Arthur Longworth is a writer with extraordinary range: master of memoir, personal essay, journalism, and fiction, he works equally well across genre and media. His published works include fiction and non-fiction, op-ed and long-form journalism, popular articles and public scholarship. His topics are equally wide-ranging, moving from solitary confinement to existentialism, from Life Without the Possibility of Parole to the question of life itself.  This body of work crosses genres and topics with an ease that belies the precision and craft of each individual piece.  For some writers, range trumps depth.  Not so for Longworth. His minimalist prose balances sentences honed to a spare intimacy with those of blazing intensity.  The result is in turns elegant and brutal, sharp and elegiac, playful and wrenching. Longworth’s characteristic juxtaposition of imagistic and declarative sentences remaps routes between sense and meaning, something that makes his work eminently teachable for undergraduate and graduate students alike.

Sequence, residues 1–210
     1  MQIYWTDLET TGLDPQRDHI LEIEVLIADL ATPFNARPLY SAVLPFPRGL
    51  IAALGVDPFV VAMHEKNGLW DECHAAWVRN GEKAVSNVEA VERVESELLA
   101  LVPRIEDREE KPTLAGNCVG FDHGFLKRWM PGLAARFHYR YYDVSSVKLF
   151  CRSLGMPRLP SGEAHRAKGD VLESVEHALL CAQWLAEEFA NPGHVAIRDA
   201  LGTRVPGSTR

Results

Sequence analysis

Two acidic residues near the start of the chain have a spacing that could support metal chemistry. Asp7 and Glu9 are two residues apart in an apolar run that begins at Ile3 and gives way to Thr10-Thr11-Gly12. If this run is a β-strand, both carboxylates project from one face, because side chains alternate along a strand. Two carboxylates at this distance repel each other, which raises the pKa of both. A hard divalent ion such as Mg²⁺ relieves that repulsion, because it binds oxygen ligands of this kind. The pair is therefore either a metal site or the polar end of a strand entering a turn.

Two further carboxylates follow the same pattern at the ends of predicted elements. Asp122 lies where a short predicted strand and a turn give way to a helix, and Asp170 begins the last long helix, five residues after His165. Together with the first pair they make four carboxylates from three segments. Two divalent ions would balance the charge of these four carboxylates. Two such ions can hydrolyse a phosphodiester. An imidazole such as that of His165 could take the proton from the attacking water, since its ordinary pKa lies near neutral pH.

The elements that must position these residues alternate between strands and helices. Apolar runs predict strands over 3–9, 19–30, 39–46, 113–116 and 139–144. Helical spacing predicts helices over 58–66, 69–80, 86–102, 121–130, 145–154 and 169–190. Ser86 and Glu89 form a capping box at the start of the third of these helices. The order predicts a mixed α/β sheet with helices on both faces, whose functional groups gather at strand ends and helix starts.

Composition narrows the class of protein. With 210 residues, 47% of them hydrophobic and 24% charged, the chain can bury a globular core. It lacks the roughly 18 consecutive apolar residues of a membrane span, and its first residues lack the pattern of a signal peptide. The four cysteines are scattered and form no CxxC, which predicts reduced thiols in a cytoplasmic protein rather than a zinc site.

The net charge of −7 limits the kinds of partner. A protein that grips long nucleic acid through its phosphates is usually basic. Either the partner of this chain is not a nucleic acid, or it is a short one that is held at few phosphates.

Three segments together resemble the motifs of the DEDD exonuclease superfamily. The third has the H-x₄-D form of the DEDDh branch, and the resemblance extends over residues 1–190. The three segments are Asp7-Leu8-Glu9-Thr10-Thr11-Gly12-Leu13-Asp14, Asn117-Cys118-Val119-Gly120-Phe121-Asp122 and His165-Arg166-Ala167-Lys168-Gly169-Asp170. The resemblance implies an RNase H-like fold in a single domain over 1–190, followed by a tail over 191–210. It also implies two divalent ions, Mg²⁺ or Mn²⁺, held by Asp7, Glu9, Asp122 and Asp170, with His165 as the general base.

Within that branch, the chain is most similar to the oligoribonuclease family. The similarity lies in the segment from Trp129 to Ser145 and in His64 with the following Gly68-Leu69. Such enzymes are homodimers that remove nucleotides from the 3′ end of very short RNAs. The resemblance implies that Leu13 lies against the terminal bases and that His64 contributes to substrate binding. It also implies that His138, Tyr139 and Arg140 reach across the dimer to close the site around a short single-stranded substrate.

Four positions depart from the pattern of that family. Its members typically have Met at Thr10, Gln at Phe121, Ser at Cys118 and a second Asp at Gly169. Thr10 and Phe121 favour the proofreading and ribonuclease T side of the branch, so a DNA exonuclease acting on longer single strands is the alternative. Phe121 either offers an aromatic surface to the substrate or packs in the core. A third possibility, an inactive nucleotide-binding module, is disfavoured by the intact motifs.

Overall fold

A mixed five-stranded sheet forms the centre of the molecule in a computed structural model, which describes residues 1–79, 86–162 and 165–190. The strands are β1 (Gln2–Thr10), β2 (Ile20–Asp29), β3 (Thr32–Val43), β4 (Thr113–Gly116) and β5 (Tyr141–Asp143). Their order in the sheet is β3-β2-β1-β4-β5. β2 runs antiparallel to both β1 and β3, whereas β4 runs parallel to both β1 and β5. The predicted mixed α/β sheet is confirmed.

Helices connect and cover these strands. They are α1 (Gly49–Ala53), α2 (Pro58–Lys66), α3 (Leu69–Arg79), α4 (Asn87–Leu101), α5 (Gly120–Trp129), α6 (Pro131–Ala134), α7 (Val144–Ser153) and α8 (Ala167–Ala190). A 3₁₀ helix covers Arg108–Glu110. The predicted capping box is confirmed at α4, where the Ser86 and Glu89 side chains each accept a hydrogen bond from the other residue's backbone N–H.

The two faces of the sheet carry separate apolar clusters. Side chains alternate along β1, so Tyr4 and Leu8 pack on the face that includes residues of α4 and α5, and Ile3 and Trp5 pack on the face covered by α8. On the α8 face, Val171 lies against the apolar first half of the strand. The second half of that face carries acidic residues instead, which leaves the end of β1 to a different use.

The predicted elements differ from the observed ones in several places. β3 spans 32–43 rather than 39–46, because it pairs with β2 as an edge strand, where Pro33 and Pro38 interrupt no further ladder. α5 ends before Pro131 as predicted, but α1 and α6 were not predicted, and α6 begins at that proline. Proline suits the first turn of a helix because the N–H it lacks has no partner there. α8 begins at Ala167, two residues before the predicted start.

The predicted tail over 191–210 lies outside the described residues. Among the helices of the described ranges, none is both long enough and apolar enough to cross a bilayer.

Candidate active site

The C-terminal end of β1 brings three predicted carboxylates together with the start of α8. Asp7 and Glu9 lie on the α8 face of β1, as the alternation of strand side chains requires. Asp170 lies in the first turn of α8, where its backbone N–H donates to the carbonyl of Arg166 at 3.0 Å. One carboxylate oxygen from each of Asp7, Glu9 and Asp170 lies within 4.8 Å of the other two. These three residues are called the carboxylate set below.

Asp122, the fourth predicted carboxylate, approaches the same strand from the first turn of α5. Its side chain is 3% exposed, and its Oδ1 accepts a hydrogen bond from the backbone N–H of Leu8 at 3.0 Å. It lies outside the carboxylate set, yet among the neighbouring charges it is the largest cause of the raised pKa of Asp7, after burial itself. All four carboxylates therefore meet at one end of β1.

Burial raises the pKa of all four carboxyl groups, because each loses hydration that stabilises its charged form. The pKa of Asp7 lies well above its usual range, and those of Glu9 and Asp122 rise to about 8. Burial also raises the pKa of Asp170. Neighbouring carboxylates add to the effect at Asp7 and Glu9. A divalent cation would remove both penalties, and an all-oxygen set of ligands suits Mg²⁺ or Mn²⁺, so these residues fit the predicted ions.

Gillian Harkins, Associate Professor, English Department, University of Washington